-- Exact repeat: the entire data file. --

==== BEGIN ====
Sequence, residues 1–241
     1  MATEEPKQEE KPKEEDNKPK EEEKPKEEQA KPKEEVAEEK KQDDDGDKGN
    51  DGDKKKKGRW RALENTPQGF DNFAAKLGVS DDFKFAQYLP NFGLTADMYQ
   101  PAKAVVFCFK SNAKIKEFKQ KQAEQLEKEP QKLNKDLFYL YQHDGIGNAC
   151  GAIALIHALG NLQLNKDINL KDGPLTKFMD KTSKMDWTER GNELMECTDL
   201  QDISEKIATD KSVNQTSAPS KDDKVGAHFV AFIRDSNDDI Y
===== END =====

Sequence, residues 1–241
     1  MATEEPKQEE KPKEEDNKPK EEEKPKEEQA KPKEEVAEEK KQDDDGDKGN
    51  DGDKKKKGRW RALENTPQGF DNFAAKLGVS DDFKFAQYLP NFGLTADMYQ
   101  PAKAVVFCFK SNAKIKEFKQ KQAEQLEKEP QKLNKDLFYL YQHDGIGNAC
   151  GAIALIHALG NLQLNKDINL KDGPLTKFMD KTSKMDWTER GNELMECTDL
   201  QDISEKIATD KSVNQTSAPS KDDKVGAHFV AFIRDSNDDI Y